Former PIC chief executive Dan Matjila said that proposals for the PIC to invest in Sagarmatha were led by Sekunjalo chairperson Iqbal Survé in November 2017. (Lerato Maduna/Gallo Images)
The Public Investment Corporation (PIC) invested close to R2-billion in the Independent Media Group but it did not invest in Sagarmatha Technologies, according to the state asset manager’s former CEO, Dan Matjila.
The PIC’s investment in Independent Media, which produces major newspaper titles such as The Mercury, The Star and the Cape Times, saw it hold a 25% stake in the company.
Matjila’s testimony on Wednesday to the commission probing alleged impropriety at Africa’s largest asset manager, focused on the PIC’s transactions with companies in the Sekunjalo Group (Sagarmatha, Ayo Technologies and Independent Media Group), which have come under the spotlight in recent years.
The former chief executive said that proposals for the PIC to invest in Sagarmatha were led by Sekunjalo chairperson Iqbal Survé in November 2017. Matjila says that he learnt through the transaction team at the PIC that Sagarmatha was planning to list on the Johannesburg Stock Exchange (JSE) in January 2018.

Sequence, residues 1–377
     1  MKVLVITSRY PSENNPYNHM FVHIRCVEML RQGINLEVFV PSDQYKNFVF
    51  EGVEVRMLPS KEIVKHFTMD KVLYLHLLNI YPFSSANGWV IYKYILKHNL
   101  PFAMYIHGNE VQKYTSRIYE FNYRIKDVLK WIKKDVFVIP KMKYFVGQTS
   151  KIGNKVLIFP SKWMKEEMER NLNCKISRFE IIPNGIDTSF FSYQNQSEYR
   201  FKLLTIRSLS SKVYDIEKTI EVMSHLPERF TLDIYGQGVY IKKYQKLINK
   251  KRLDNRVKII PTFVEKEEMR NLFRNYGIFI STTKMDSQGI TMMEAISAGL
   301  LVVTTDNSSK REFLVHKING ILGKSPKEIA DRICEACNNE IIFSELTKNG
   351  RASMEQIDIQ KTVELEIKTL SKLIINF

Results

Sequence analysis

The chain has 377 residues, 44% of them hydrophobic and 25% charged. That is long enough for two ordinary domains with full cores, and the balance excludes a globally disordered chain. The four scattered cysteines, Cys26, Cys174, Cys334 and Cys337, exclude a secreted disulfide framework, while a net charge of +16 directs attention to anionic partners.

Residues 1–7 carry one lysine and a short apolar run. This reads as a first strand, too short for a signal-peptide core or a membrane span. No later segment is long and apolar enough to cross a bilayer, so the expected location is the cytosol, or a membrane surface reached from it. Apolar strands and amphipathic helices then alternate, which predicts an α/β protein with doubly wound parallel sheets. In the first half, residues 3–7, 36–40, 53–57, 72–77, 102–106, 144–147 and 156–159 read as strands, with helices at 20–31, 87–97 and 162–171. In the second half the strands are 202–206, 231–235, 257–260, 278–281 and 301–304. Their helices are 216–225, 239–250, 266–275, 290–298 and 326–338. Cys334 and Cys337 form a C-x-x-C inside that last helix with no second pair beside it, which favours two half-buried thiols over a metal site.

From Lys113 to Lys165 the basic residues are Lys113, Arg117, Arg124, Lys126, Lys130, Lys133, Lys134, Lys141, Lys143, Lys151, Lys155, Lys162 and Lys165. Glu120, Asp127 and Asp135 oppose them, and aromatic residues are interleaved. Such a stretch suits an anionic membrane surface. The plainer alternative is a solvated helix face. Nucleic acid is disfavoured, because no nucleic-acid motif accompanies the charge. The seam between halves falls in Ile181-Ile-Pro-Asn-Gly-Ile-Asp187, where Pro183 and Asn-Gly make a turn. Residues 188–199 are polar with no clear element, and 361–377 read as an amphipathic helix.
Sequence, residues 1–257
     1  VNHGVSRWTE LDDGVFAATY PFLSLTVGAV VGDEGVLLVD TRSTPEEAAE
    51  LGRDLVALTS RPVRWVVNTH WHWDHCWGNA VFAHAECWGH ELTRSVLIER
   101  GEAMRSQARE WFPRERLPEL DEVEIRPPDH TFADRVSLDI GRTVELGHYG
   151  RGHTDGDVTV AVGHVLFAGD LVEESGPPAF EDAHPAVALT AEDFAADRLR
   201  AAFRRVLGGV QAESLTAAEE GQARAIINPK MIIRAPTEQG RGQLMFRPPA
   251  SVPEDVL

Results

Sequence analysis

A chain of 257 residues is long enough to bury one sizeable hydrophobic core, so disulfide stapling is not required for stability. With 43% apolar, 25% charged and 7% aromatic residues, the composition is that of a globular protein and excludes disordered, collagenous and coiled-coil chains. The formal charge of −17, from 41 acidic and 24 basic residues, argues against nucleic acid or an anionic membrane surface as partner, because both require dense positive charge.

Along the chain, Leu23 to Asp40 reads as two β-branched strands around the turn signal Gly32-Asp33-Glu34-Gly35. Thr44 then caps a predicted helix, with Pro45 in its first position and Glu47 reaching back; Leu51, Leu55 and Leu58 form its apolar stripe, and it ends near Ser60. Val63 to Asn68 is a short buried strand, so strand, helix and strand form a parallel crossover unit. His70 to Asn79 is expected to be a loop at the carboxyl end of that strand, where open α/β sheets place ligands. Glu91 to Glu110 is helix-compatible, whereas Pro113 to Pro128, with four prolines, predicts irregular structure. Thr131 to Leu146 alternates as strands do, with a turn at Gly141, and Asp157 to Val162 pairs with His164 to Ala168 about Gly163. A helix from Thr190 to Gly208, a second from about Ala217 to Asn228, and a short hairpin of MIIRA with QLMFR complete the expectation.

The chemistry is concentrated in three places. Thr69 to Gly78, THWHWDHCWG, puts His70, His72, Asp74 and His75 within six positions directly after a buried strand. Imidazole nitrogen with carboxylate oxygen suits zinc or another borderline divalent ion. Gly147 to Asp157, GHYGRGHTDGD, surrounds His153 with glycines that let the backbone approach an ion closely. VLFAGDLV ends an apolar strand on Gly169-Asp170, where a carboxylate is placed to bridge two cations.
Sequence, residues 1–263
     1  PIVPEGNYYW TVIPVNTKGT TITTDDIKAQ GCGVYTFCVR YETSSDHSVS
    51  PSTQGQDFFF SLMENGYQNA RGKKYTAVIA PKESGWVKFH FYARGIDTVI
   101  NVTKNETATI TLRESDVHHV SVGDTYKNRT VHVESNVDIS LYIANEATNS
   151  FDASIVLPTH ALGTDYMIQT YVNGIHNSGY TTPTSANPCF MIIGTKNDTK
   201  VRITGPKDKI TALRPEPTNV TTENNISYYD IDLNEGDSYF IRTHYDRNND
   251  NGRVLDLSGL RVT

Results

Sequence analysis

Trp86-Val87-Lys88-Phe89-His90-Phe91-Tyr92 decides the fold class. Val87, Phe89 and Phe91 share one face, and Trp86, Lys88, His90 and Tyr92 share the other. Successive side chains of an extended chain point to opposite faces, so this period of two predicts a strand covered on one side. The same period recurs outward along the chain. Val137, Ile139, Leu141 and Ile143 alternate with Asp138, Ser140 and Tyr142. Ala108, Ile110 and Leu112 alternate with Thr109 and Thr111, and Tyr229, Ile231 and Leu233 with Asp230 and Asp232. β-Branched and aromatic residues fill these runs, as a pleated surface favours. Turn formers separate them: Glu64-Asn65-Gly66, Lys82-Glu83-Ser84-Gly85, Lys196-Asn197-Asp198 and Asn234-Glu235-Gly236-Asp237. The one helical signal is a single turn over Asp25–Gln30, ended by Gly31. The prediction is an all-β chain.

Matjila says there were various proposals regarding the listing price of Sagarmatha, including from Survé who suggested issuing a R1 strike option to the PIC in order to bring down the average entry share price closer to the R7,06 per share, as per the valuation by the PIC’s investment team.
The suggestion by Survé was considered by the PIC but was not possible because all other potential subscribers would also have to be the same. It would also mean that the change would have to be reflected on Sagarmatha’s pre-listing statement.
“The listing was subsequently withdrawn by the JSE citing non-compliance with the Companies Act,” Matjila said.
The former chief executive told the commission that contrary to media reports, his close personal relationship with businessman Iqbal Survé did not influence the PIC’s transactions with Sekunjalo.
“Yes, there was a continuous engagement with Dr Survé and the reason for this was not because of friendship per se but because I and my colleagues were worried that the PIC was being increasingly exposed to high risk and I needed to be closely involved with major players,” he said.
Matjila said that he felt that he needed to be on the front lines of the transactions to ensure that the best interests of the PIC were continuously protected.
“Whilst the transaction team was busy with negotiations, you were also on the side having dealings with Sagarmatha,” asked the commission’s chairperson, Judge Lex Mpati.
Matjila responded by agreeing that he indeed met with the Sagamatha’s team but that he passed on the information to the PIC’s investment team.
“It was not a bilateral. I’ve always passed on information to the team. I can’t make a decision without them saying yes or no,” he said.
The commission continues.